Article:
The Jewish Museum in Berlin is an extraordinary museum. Super modern with great displays and a wide range of objects to represent the German Jewish history from the earliest beginning to present time. Come along for a visit of this unusual Museum.
The Visit of the Jewish Museum
The visit of the Jewish Museum start in the old Baroque Building called the Kollegienhaus. From there you gain access to the Blitz building, the newest part of the building shaped like a thunderbolt.
You need to pass through what is called the axis, to gain access to the main exhibition. It’s a bit unsettling to arrive in such long corridors with no destination in sight. The axis display words and small windows of mostly antique objects with the description of who they belonged to. Those displays are intimate and the contrast with their cold surrounding, rather unreal.
The axis of Holocaust leads to the Holocaust Tower, a dark and a bit frightening room.
The axis of Exile leads to the Garden of Exile, an outdoor display of 49 monumental square columns, which you are invited to walk through. It’s a disturbing and disorienting experience. Hard to explain why.
Both the Holocaust tower and the Garden of Exile hide behind heavy doors.
Finally the axis of Continuity, the longest, leads to the giant staircase which will take you to the permanent exhibition.
The permanent exhibition
The permanent exhibition retraces the history of German Jews from the earliest communities (950-1500) to the present days while giving insight on objects, places and rituals in Judaism, the evolution of the religion, their daily lives, the roles of Jewish people in science, arts and economy… The exhibition is split into 13 different sections which all have a different atmosphere. Some are very interactive, some really fun, some a bit more formal, and some are very sad… Obviously the exhibition does have a section on the Holocaust.
At the end of the permanent exhibition, on the ground level, there is a huge empty room called the Memory Void. From there, you will probably hear intriguing noises which will lead you to the Fallen Leaves installation, by Israeli artist Menace Kadishman. These leaves are actually 10,000 screaming faces made of steel and laid on the ground. As you walk on them, their scream will fill the space of the Void and surround you in an disturbing way.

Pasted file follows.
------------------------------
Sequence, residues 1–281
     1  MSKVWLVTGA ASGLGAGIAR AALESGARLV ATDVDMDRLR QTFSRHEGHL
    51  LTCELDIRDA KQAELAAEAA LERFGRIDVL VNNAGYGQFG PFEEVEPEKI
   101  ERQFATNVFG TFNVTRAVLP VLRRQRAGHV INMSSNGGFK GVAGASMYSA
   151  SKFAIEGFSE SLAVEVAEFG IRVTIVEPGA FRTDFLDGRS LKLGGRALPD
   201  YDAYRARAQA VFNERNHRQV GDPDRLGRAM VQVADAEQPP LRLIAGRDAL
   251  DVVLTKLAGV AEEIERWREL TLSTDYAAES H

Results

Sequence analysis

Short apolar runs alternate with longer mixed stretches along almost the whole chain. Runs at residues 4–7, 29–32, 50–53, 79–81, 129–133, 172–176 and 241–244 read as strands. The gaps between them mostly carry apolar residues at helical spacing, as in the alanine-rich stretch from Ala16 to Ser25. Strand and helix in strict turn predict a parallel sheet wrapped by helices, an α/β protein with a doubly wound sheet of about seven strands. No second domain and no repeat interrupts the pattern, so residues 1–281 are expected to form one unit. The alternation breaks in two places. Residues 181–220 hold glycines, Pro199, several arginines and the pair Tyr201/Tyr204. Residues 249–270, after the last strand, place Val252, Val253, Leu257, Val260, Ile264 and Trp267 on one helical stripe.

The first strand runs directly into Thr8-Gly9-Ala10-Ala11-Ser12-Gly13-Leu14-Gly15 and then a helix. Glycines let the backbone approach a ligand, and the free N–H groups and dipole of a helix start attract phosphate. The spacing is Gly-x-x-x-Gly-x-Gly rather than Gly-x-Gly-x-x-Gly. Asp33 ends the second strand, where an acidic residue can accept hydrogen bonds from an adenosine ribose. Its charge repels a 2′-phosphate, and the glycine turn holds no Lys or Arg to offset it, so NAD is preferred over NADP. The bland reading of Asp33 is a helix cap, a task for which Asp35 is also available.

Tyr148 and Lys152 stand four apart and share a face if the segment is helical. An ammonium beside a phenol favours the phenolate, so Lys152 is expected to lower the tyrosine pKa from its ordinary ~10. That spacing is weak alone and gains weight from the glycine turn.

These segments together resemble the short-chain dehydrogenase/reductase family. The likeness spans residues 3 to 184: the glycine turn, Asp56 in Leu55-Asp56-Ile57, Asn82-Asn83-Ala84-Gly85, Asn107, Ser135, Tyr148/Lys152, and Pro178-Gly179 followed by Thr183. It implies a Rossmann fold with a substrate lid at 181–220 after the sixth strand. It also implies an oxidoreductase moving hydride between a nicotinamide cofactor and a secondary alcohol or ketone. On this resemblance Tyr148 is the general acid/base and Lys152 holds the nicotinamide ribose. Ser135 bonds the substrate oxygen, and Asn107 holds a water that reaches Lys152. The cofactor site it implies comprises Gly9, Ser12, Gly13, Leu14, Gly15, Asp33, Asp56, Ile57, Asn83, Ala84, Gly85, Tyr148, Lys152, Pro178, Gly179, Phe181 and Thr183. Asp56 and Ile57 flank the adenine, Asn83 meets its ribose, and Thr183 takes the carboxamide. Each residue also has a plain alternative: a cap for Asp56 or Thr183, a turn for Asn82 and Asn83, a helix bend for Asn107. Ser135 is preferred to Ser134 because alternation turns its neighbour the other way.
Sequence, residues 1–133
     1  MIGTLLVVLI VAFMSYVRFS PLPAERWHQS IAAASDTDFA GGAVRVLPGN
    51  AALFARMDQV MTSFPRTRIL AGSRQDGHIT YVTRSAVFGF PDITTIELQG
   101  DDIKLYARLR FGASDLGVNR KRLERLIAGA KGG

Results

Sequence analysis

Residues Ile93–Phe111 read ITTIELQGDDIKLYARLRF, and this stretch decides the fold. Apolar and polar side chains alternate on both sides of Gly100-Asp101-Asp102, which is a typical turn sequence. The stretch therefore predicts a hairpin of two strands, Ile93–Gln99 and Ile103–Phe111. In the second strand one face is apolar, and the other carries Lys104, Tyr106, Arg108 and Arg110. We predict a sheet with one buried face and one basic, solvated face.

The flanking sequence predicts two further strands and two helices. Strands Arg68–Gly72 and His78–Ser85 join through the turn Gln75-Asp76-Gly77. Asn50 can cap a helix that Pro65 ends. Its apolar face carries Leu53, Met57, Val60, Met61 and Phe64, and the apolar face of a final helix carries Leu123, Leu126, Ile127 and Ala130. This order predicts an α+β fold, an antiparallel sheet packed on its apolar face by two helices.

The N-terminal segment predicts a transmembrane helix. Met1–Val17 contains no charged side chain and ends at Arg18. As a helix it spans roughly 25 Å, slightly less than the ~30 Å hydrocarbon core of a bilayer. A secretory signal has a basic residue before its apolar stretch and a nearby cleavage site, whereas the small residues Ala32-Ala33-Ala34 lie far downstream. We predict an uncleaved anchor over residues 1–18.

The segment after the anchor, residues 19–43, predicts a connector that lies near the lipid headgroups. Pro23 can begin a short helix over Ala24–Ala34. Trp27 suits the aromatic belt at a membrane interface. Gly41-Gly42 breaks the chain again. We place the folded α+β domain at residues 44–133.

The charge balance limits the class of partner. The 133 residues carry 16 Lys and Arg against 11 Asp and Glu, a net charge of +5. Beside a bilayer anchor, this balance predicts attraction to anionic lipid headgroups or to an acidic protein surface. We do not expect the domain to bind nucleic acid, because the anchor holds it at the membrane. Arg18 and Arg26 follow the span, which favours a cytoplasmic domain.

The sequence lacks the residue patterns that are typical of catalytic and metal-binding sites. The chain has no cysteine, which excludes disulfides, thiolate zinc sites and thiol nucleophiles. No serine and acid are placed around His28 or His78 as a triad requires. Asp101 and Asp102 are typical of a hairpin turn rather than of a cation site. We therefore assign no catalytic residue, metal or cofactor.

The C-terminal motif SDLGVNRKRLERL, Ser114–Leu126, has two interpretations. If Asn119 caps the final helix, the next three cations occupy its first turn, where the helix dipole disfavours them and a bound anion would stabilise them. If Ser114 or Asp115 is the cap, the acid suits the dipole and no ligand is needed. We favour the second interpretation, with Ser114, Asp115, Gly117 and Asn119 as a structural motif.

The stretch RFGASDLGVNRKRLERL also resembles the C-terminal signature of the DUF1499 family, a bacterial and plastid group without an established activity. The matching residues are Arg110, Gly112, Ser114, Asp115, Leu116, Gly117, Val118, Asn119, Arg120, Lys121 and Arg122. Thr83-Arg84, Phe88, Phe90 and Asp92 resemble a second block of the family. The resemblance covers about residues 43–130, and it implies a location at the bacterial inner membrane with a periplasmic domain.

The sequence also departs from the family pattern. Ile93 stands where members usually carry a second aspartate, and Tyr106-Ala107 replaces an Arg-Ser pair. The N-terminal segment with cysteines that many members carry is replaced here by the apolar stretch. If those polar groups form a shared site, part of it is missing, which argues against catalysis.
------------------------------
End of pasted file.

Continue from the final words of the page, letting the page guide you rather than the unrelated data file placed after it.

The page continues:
The artist dedicated his artwork to Jews killed during the Shoah and to all victims of violence and war.
The Architecture of the Jewish Museum
Brillant, incredible, surprising, spectacular!! You get the point, I loved the Blitz! Designed by architect Daniel Libeskind in 1999, the Blitz is as intriguing inside than it is outside. This is a very personal opinion. I know a lot of people hates it. Haters gonna hate…
I was slightly worried that the Museum would be solely focused on the Holocaust and the persecution of the Jews. It is absolutely not the case since the exhibition covers 2 thousand years of history. It is extremely informative, interactive, beautiful and fun for some parts. A museum totally worth at least half a day of your precious time.
The Technical Bits:
The official website: http://www.jmberlin.de
Check it out, it includes all the useful infos to plan your visit, an interesting introduction video, the plan of the permanent exhibition as well as info on the specials exhibitions, the café, the garden, the social events organized there….
It also shows aerial pictures of the museum which gives you a better understanding of the incredible architecture of the Blitz.
If you can’t wait to learn more, get this book: Daniel Libeskind: Jewish Museum Berlin
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